According to the report, the export of rice from Bangladesh has been stopped to ensure food security. The government has implemented this decision from last June 29. It will remain in force till December 31. The World Bank has warned that global food shortages will worsen in the future.

According to the World Bank report, about 50 percent of the world’s urea fertilizer is supplied from Europe. On the one hand, the production of fertilizers is being hindered due to gas shortage. In this, the price of fertilizers and other agricultural inputs is also increasing. As a result, the cost of agricultural production will increase. It will also increase the price of agricultural products. However, in the last three weeks, the price of agricultural products has decreased by 3 percent in the international market. But the World Bank has warned that its prices may rise again in the future.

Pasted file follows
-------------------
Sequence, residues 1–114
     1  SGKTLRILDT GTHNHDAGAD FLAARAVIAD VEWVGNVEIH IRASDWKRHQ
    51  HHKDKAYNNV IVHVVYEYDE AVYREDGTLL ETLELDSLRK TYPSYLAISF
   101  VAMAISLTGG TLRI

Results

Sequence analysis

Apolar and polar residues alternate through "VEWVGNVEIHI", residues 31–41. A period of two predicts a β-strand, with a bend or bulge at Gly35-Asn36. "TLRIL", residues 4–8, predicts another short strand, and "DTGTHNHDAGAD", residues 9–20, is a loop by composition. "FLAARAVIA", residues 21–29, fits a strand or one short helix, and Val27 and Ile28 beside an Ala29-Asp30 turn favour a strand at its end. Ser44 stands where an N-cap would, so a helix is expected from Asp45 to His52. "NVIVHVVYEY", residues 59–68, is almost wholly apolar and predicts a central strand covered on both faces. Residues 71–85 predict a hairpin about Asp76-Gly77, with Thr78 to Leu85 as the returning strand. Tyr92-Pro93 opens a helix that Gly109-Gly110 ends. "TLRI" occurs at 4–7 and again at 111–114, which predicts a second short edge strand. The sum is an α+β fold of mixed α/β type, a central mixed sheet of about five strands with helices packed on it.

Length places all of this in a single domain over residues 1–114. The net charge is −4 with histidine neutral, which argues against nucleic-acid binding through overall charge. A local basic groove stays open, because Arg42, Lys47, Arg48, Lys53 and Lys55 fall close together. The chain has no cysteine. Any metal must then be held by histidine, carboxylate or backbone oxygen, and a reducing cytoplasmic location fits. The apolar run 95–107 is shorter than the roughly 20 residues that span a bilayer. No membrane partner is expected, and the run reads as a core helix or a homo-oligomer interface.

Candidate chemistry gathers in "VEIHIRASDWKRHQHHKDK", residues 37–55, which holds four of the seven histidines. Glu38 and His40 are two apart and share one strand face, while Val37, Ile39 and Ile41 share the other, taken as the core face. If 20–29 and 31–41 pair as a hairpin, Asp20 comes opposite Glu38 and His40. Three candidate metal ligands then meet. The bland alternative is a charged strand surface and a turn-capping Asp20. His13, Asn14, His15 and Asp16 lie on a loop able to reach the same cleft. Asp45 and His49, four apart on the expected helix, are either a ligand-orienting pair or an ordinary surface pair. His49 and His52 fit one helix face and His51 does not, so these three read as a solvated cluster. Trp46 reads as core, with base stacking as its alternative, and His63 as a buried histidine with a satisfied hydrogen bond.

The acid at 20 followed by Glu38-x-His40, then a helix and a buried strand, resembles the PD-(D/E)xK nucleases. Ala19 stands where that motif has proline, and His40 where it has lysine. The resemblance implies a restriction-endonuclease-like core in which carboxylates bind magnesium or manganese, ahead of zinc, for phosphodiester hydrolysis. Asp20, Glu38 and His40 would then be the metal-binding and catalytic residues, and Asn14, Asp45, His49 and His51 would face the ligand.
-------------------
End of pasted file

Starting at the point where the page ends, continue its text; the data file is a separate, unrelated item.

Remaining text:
The report also says that in some countries, rising inflation may put food beyond the reach of the poor. Food inflation is now above 5 percent in 88 percent of low-income countries, 91 percent of middle-income countries, and 93 percent of high-income countries. The World Bank has expressed fear that the inflation rate in these countries may rise to double digits. Already in many countries this rate has crossed double digits.

The 10 countries most at risk of food inflation are — Zimbabwe at 68 percent, Lebanon at 36 percent, Iran at 32 percent, Sri Lanka at 22 percent, Hungary at 18 percent, Colombia at 15 percent, Djibouti at 14 percent, Rwanda at 14 percent, and Burkina Faso at 10 percent.